COVID wave near peak – under-5 vax begins

·3 min read

CORNWALL – COVID-19 infections and hospitalizations in this latest wave of the pandemic are at or near its peak in the region. Fueled by the Omicron BA.5 sub-variant, which is more infectious than previous COVID-19 waves, the Eastern Ontario Health Unit region is following the provincial trend of having infections begin to decrease in early August.

“We are definitely in wave seven,” said Dr. Paul Roumeliotis, medical officer of health for the EOHU in his weekly video update.

As of the July 22 update by the EOHU, 17 people were hospitalized with COVID-19 infection being the primary reason for that admission. Two of those 17 are in intensive care.

The EOHU average for percentage of case positivity is 17.6 per cent. This level varies based on postal code prefix. Rockland (K4K) has the highest levels of positivity at 24.2 per cent. Russell (K4R) is at 22.7 per cent, while areas in the K0C postal code including Morrisburg are at 14.7 per cent. Areas in the EOHU region covered by the K0E postal code prefix are not available.

Wastewater testing in Cornwall, Hawkesbury, Casselman, and Morrisburg all show slight declines in COVID-19 levels detected in wastewater. Morrisburg reported 13.4 genetic copies per millilitre of water. Casselman is over 30 gc/ml, Hawkesbury over 50gc/ml, and Cornwall has 6.7 gc/ml.

There has been one new death reported by the EOHU, increasing the region’s death toll to 235 since the beginning of the pandemic.

Roumeliotis said that local hospitals have been mostly handling the increased cases well, but hospital services have been affected due to staff being infected and unable to work.

Glengarry Memorial Hospital announced it was closing its emergency department between 6 p.m. and 6 a.m. daily due to staffing issues.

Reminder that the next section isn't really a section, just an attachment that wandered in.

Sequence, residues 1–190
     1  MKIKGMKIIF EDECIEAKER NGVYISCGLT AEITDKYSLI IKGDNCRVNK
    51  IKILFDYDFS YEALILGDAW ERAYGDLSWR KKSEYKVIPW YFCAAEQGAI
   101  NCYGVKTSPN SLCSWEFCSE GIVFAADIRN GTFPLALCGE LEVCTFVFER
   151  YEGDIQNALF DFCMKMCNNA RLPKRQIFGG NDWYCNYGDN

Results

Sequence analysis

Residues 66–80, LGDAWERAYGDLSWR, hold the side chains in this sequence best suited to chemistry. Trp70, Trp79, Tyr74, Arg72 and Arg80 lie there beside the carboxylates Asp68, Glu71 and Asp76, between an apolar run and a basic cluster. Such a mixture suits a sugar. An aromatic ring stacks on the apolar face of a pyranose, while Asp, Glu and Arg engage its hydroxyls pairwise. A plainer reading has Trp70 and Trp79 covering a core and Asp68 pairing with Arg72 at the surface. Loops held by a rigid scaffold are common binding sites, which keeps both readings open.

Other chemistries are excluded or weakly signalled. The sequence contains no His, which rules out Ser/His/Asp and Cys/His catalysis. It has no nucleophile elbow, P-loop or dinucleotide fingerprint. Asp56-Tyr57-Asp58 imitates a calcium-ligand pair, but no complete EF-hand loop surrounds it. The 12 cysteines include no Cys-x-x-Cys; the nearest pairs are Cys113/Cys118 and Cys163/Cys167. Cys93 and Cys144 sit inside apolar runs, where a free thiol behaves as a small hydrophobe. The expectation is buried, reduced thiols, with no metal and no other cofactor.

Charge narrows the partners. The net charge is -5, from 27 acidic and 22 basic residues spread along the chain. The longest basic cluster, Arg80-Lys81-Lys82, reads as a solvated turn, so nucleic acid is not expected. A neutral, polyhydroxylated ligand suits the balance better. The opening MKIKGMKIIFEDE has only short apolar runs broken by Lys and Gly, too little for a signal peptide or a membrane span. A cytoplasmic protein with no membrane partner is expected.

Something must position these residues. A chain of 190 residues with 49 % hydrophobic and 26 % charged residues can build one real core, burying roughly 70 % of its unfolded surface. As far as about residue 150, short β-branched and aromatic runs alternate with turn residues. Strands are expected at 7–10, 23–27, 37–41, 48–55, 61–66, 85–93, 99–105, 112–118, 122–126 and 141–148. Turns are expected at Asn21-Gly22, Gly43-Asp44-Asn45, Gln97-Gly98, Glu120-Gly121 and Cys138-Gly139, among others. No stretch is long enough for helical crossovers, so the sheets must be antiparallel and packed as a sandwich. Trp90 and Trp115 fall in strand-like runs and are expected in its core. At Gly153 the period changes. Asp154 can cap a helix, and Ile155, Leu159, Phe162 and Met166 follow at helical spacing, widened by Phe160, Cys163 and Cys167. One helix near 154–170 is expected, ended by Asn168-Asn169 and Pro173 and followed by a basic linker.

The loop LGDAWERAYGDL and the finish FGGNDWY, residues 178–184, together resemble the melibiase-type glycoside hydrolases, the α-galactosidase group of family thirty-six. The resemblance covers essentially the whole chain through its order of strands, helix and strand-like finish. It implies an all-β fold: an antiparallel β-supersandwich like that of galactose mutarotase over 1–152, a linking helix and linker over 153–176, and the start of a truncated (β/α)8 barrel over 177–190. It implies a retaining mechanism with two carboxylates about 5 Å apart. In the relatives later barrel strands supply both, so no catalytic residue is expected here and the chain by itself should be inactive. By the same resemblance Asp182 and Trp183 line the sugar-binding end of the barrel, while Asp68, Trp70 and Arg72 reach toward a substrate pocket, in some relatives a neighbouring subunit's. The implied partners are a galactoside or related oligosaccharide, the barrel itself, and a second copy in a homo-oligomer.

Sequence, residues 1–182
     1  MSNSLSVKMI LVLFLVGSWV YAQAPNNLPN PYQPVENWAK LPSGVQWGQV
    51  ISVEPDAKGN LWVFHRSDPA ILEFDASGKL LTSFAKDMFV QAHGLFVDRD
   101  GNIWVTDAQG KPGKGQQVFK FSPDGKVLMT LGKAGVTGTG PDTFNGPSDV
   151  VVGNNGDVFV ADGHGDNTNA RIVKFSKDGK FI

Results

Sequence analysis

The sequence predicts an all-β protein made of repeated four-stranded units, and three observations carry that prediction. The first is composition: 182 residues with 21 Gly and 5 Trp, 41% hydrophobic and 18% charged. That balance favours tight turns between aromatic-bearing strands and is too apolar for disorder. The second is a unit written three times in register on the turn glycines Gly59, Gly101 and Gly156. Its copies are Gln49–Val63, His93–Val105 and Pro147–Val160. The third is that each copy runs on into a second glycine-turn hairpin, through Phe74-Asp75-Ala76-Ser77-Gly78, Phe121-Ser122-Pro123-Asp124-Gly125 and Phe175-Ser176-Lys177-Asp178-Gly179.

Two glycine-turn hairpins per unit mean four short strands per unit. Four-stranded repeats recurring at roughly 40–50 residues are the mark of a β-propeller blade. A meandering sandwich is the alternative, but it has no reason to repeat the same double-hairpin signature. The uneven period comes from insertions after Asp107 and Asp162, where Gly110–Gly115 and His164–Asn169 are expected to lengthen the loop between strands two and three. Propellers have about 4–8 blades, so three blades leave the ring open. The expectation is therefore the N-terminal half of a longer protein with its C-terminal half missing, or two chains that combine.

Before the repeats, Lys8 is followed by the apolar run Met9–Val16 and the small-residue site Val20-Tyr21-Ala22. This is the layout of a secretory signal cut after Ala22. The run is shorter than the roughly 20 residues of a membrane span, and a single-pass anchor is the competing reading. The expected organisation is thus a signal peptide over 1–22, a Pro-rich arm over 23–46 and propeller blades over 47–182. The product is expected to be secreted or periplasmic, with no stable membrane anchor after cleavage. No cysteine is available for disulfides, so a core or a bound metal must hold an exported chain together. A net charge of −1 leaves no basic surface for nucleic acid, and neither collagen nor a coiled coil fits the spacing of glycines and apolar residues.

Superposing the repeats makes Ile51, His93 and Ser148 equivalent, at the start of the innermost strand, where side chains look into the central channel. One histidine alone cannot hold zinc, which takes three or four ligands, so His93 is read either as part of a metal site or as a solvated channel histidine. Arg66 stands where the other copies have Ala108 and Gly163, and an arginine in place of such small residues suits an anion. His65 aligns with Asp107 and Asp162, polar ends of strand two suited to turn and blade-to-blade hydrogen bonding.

While COVID-19 cases are high in the region, and in Ontario, vaccinations for the latest age group eligible will begin booking appointments July 28.

On July 14, Health Canada approved the Moderna COVID-19 vaccine for children age six months to four years old.

Children in that age group should receive two-doses of vaccine, spaced 56 days apart. For moderately-to-severely immunocompromised children, a three-dose series is recommended.

“With Health Canada’s approval of the vaccine, I encourage parents to book their child’s appointment as soon as they are eligible,” Roumeliotis said. “Although COVID infections are usually mild in children, there have been hospitalizations and severe infections in younger children as well. Vaccination is the best way to provide your child with protection against serious illness from COVID-19.”

Also on July 28, a second booster dose for youth age 12-to-17 will be available.

“You should consider a fourth dose, even if you are healthy,” Roumeliotis encouraged saying that vaccinations prevent serious outcomes from a COVID-19 infection.

Vaccination doses are available through the six EOHU offices in the region, and at most pharmacies.

Phillip Blancher, Local Journalism Initiative Reporter, The Morrisburg Leader

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